hi everyone
dus u plzz tell me the complexities of following codes.

1. A nested loop followed by a non-nested loop:

``````for (i = 0; i < N; i++) {
for (j = 0; j < N; j++) {
sequence of statements
}
}
for (k = 0; k < N; k++) {
sequence of statements
}
``````
2. A nested loop in which the number of times the inner loop executes depends on the value of the outer loop index:

``````for (i = 0; i < N; i++) {
for (j = i; j < N; j++) {
sequence of statements
}
}
``````

In the first case the outer loop (i loop) repeats N times and for each repeat of the outer loop (i loop) the inner loop repeats N times. As you wrote this program, the k loop runs once, having nothing to do with i or j, so whatever the loop does, it does it N^2 + N times and this is O(N^2). In the second case for i = 0 the j loop runs N times, for i = 1 it runs N-1 times, etc. So the number of times the loop does its stuff is 1+2+...+N, and this sum is N*(N+1)/2 = N^2 /2 + N/2. This is also O(N^2), so both programs do O(N^2) repeats of whatever they do.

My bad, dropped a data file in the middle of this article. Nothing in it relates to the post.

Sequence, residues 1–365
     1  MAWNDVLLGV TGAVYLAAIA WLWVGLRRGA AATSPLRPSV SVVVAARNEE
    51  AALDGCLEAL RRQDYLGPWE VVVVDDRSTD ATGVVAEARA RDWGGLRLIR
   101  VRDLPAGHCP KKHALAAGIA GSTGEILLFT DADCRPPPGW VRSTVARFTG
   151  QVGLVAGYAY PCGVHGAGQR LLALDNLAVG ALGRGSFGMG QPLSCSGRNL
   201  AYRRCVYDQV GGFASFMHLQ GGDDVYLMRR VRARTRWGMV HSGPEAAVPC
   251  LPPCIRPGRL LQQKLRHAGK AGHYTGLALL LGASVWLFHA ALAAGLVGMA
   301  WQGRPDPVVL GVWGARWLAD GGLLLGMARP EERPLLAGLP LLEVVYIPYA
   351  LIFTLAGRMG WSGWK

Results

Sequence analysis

Perhaps your question is why N^2 + N is O(N^2) and also N^2/2 + N/2 is O(N). The answer is that a function of N is called O(N^2) when that function devided by N^2 approaches a non-zero limit as N approaches infinity.

I guess I just did your homework for you. That's bad.

>I guess I just did your homework for you. That's bad.
That's not an edit, so you knew that you did his homework and you knew that it was bad before you clicked submit. So were you trying to show off? If so, you failed miserably.

The k loop runs N times, not one time.

The loop runs once but, as you say, it does whatever it does N times. That's where the N in N^2+N comes from. By contrast, the j loop runs once for each value of i, therefore the j loop runs N times. Each of the N times it runs it does whatever it does N times. That's where the N^2 comes from.